Washington, D.C.-based World Central Kitchen is feeding refugees arriving in Poland, Romania, Moldova, Hungary and Spain. It’s organized a vast network of chefs and volunteers to provide nearly 200,000 hot, nourishing meals a day. It’s also making daily food product deliveries into Ukraine.

“What began as four women making 500 sandwiches a day has now turned into a full-scale operation of 10,000 sandwiches – as well as 16,000 hot meals – being prepped every day at WCK’s FEST kitchen in Lviv, Ukraine,” it states. “The team has been cooking since the war started and continues to do so, even through consistent air raid sirens that force them to shelter for safety multiple times a day.”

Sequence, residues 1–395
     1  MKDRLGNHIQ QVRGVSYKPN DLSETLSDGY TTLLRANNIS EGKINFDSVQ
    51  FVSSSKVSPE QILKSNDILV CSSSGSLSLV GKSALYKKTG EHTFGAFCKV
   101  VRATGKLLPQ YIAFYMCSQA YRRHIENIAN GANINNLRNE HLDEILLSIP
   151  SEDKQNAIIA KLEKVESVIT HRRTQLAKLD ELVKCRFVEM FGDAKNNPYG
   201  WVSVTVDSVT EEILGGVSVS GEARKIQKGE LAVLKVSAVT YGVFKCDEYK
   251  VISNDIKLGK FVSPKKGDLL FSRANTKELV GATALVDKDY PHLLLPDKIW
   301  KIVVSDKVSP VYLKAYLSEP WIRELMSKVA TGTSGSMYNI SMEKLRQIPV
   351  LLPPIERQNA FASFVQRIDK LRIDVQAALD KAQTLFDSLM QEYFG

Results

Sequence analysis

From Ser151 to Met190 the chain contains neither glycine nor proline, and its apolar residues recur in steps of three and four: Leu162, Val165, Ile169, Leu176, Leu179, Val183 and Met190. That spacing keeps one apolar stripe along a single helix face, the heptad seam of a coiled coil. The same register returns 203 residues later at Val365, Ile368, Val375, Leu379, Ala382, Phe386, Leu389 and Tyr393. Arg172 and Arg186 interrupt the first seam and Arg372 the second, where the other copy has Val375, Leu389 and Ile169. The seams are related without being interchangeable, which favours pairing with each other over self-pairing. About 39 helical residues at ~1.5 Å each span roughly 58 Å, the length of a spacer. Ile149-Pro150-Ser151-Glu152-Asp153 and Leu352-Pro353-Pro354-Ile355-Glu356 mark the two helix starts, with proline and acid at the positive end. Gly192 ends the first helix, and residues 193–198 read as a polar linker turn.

Washington, D.C.-based Global Giving has raised nearly $20 million to provide shelter, food, and clean water for refugees, health and psychosocial support, and access to education and economic assistance, among other services.

Other groups offering medical support and medical relief include Heart to Heart International, World Vision, Project C.U.R.E., MAP International, Direct Relief, Project HOPE, Operation USA, among others.

Groups providing water, hygiene and other supplies include Catholic Relief Services, World Hope International, Convoy of Hope, Operation Blessing International, among others.

Groups providing emergency housing include Islamic Relief USA, American Jewish Joint Distribution Committee, Catholic Relief Services, among others.


Read full article on The Center Square

Islamic Relief USA is a 501 (c)(3) nonprofit organization (Tax ID# 95-4453134) | CFC# 10194 | Islamic Relief USA © 2024 | All Rights Reserved